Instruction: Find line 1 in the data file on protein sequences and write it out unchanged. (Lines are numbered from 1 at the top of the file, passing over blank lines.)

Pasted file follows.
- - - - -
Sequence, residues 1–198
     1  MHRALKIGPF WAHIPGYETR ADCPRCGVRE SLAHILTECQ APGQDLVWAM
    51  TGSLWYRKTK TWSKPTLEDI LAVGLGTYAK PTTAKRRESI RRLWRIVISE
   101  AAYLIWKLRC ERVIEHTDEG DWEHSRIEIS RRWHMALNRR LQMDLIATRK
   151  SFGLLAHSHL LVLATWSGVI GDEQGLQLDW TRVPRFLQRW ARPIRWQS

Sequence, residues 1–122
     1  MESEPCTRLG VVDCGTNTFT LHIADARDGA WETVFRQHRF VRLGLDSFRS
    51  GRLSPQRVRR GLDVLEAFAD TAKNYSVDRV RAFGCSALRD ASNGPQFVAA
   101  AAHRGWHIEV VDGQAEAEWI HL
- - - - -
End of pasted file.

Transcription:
Sequence, residues 1–198